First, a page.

“Never pick wet apples! They’ll rot faster!” Nothing could speak better to the journey that lies ahead with Under the Trees, a compelling new multimedia theatre work being developed in Shepparton by local Pasifika arts collective Know Your Roots (KYR) Inc and Melbourne-based Pasifika creatives from Pacific Island Creative Arts Australia (PICAA).
Set in present-day Shepparton, this seminal new work will delve deeply into the history of migrant Pasifika farm workers and will bring to life their stories along with those of their children who have grown up far from their Island homelands.
“With its rich history and vibrant dwellers, we can’t wait to see what will unfold from the Shepparton stories once they’re ready for picking. I can’t wait for the next stage of this project” says Asalemo Tofete who recently spent the weekend in Shepparton along with his PICAA colleagues meeting and hearing from local community.
Asalemo Tofete is a director, playwright and award-winning actor and is one of a formidably talented team of PICAA creatives including APRA Music Awards nominated composer and ethnomusicologist Rita Seumanutafa, designer and textile artist Gina Tafea and musician Sikivi Tafea, who will guide the development and production of Under the Trees.
Tofete explains that storytelling is an ancestral artform in Pasifika cultures, “It is how the tales of our ancestors, the history of our tribes, and the paths of our lineage were preserved from generation to generation. Stories were passed down through oratory, songs and dance. It is in our blood!”
Tofete and the PICAA team will collaborate with Shepparton Pasifika community and a local cultural collective, Know Your Roots (KYR) Inc who worked with MAV throughout 2019 to secure over $70,000 in funding for the project from Creative Victoria, Australia Council for the Arts and Festivals Australia.
Know Your Roots (KYR) Inc Director and local Samoan cultural leader Mellisa Silaga is also excited to see this project finally come to life after a long COVID interruption. She reflects on the weekend with PICAA artists, “Taking our PICAA family around and hearing the stories of families in our community took me back to the days when we first migrated to Mooroopna in the late 90s. We like many of our families today, came here drawn by the promise of the land of milk and honey. Fruits on a tree literally equal wealth and opportunity.”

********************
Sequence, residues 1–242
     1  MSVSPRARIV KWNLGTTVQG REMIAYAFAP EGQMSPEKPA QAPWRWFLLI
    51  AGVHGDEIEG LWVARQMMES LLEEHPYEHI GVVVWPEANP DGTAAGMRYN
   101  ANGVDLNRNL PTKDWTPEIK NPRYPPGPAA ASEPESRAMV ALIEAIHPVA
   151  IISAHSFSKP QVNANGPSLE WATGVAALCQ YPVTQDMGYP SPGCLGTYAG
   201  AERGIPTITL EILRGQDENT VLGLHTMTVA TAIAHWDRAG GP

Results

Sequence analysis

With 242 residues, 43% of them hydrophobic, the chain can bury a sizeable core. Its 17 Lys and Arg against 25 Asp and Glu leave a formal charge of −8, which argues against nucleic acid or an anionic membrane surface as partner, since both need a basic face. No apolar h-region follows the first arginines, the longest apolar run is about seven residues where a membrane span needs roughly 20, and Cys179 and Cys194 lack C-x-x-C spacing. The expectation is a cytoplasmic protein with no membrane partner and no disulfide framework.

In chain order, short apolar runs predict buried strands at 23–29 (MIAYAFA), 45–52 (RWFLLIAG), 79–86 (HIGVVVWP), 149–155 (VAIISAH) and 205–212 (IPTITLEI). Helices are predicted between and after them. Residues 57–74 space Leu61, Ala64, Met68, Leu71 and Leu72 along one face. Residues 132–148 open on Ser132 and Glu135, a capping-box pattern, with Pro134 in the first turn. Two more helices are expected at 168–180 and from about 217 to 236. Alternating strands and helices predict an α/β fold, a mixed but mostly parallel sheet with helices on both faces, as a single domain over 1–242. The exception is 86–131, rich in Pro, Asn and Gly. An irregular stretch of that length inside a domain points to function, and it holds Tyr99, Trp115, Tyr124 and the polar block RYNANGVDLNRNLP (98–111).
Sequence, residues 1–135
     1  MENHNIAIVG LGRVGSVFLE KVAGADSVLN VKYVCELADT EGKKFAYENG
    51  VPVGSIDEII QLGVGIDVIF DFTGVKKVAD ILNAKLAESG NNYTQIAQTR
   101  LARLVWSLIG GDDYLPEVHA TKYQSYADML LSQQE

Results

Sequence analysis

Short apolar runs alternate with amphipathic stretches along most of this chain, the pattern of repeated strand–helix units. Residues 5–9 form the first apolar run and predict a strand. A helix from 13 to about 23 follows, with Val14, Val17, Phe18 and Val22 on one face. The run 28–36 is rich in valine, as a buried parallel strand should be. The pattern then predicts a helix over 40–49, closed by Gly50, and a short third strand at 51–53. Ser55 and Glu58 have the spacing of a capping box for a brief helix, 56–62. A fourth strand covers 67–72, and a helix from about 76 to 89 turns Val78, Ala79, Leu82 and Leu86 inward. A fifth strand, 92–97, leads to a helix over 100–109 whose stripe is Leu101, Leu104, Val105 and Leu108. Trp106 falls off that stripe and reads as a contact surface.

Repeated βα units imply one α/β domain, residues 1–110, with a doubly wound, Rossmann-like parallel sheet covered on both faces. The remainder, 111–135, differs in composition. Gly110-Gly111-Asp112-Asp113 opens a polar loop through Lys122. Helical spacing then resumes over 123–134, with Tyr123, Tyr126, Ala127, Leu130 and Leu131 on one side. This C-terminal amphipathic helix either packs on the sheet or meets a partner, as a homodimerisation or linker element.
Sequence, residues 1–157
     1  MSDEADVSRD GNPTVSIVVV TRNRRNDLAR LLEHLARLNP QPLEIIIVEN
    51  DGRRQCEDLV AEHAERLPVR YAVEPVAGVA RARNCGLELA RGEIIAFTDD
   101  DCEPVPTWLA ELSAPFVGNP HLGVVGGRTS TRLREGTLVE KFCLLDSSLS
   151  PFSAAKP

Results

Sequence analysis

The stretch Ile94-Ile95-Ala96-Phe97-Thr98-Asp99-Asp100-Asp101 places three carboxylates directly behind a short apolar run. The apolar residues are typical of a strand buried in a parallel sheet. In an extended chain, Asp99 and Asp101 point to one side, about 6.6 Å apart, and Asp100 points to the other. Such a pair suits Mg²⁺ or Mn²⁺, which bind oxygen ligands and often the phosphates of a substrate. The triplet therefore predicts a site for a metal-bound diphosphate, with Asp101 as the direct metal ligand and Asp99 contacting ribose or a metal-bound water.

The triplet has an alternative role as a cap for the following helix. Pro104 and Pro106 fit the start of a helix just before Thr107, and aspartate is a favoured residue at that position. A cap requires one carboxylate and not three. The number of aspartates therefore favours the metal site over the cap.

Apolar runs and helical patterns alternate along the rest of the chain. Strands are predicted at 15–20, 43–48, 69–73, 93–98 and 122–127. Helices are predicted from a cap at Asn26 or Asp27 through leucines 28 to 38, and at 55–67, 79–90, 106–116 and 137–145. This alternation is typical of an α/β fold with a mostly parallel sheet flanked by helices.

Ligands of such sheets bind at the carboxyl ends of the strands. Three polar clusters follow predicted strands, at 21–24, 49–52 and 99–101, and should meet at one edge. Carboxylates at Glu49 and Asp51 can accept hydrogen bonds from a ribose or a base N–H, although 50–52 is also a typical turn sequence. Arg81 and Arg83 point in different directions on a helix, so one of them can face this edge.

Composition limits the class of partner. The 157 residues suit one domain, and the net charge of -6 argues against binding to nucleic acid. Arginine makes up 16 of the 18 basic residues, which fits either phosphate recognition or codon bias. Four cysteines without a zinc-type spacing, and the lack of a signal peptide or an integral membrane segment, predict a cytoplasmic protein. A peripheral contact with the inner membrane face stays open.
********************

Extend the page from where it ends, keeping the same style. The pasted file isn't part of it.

While there have been many fruits on the trees and success stories it has not been all milk and honey. Long term Pasifika farmworkers are vital to the success of our horticultural industry yet they remain all but invisible in literature around Australia’s farming labour force and they have been largely ignored by government in favour of policies that attract new intakes of skilled migrants and seasonal workers.
Many long-term Pasifika workers are highly regarded by farmers as experienced and valued workers, but this is often not reflected in their pay and the stereotype of ‘fruit pickers’ belies the wide range of skills they employ to grow, harvest and pack produce.
These issues have also impacted the children of Pasifika farm workers who although being born and raised in Australia continue to be stigmatised as ‘fruit pickers’. They are often overlooked for higher education and training opportunities and struggle to move beyond the arduous and precarious seasonal work that their parents have depended on.
This has affected aspirations, confidence and motivation for many young Pasifika people who want to stay in the regions with their families, but whose life opportunities are limited by systemic marginalisation and discrimination. Culturally appropriate supports would increase their skills and opportunities enabling them to realise dreams and their potential to make diverse and valuable contributions in their regional hometowns.
With persistent governmental neglect, groups like Know Your Roots (KYR) Inc and PICAA are starting to come up with innovative solutions to these issues themselves.
PICAA Director Rita Seumanutafa says “We are so excited to be working with Know Your Roots to reconnect our youth in Shepparton with Pacific Island pride. This project will highlight the strength in our communities and will enable our youth express to their identities, their pride, also their fears and how these are played out in their lives as the working class of regional Victoria. The arts provide a natural environment for us to express our way of life, so this project will empower our young people through truth telling and reconnecting them to their rich cultural heritage.”
Over the next 6 months, PICAA and Know Your Roots (KYR) Inc will collaborate in creative development to craft this groundbreaking new work which will be presented in Shepparton over 3 shows at Riverlinks Westside on Friday 12 and Saturday 13 November 2021.
Stay tuned for updates of the work in progress here at www.mav.org.au.
All above images by Ofeira Simaika, Mellisa Silaga and Anita Larkin.